One of the most fun things about being part of equipment manufacturing company is getting all the industry news every day.
Everyday my inbox is full of news about the latest technologies and how they are being implemented successfully into the latest equipment and products.
Without a doubt, a lot of these are ads and other kinds of paid content. But who cares? It is very interesting to see our peers pushing the bounds of manufacturing and sharing their findings.
Manufacturing can be a tough road, and some balance of secret sauce and publicly shared information can be a really good thing. News feeds, videos, paid content, and other sources are excellent forums for companies and industry experts to show and tell the coolest, most exciting applications that are being used in their fields.
Today I’ll talk about a few of the interesting ones I’ve seen lately, and you can judge whether they might work for you.
Additive manufacturing applications have absolutely exploded in the past 10 years. In the world of equipment manufacturing, 3D printing has had numerous impacts in…
- The way we design parts
- The types of parts and materials that can be printed
- New cost benefit analysis techniques compared to casting, CNC machining and others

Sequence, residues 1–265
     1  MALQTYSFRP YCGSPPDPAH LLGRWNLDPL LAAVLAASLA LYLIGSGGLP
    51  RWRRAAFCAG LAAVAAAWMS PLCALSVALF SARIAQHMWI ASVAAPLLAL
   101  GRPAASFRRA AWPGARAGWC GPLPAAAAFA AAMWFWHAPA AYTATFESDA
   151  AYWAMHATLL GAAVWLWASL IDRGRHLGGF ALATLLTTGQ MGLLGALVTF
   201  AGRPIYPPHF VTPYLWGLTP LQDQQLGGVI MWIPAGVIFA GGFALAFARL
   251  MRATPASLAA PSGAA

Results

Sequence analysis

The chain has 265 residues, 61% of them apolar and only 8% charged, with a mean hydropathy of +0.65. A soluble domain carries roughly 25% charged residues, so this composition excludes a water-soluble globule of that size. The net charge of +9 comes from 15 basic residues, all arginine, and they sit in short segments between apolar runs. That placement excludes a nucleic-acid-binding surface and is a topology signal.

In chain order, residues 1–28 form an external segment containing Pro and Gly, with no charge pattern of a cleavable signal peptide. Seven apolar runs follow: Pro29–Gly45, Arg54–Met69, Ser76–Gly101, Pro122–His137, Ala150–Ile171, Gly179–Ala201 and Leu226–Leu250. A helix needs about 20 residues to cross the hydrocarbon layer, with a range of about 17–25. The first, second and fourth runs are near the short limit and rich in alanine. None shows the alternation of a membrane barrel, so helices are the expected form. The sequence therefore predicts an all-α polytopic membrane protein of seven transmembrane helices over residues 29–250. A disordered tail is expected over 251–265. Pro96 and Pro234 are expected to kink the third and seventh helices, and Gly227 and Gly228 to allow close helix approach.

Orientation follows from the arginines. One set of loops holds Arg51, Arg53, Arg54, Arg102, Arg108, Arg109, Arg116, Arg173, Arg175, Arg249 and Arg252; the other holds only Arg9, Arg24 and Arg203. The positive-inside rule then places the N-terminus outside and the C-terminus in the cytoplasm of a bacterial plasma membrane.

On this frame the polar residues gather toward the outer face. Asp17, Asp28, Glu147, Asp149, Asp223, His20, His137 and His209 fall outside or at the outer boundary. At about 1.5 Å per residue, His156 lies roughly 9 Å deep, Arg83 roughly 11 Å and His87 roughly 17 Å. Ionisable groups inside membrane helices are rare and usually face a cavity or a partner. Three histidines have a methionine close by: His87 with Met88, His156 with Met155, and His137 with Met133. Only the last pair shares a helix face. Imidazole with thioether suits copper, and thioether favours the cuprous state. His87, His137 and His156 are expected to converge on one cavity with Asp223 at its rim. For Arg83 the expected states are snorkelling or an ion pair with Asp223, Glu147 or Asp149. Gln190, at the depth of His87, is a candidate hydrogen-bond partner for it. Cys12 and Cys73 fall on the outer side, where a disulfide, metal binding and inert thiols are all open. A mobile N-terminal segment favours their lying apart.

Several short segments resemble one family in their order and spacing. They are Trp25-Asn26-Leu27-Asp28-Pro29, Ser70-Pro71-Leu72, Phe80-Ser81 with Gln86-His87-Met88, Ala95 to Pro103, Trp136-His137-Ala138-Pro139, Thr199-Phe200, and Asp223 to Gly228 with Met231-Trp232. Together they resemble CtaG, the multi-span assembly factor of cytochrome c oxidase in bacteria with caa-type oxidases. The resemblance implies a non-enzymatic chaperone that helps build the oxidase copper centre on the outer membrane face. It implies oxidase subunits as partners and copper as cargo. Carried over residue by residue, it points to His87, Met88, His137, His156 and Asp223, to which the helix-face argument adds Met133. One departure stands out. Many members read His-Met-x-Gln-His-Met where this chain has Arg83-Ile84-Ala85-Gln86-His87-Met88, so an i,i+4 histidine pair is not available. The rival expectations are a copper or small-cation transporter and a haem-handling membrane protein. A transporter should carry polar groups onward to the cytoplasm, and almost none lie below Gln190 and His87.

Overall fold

Tradeoffs between manufacturing cycle times, part tolerances, material types and capital equipment expenditures are all taken into consideration. And not to mention the post processing techniques that come along with additive manufacturing.
All things considered; additive manufacturing has created a new process type that has many exciting advantages in the right application. Historically, there has been hesitancy in high-volume production manufacturing with additive manufacturing. One of the major problems is that with most parts, the high volumes combined with long cycle times are a barrier to production, causing these parts to be better candidates for tooled up CNC machining, molding or casting processes.
While this is still the case, companies like Cummins are learning how to use binder jet technology to produce critical components at production volumes. In an Industry Week article, we learn that about how they are using binder jets for a critical engine emissions component.
“The part, now moving through Cummins’ production part approval process (PPAP) for formal approval, is a Cummins Emission Solutions (CES) lance tip adapter used in high horsepower engines.”
With the likely success of this part run, Cummins will enjoy the benefits of lower costs, increased speeds, improved functional geometry, and elimination of complex manufacturing operations. Our engineers at PEKO have been designing and producing similar equipment for one of the top 3D printing equipment manufacturing OEMs and have seen similar results on internal part runs. These are very exciting times.
Robotics are the past, present and future of manufacturing. This month, I plan on writing another blog highlighting the new collaborative robot, or Cobots, that are permeating the market as we speak. But I’m no prophet, industry has been touting this technology very loudly in the past few years and this year is no different.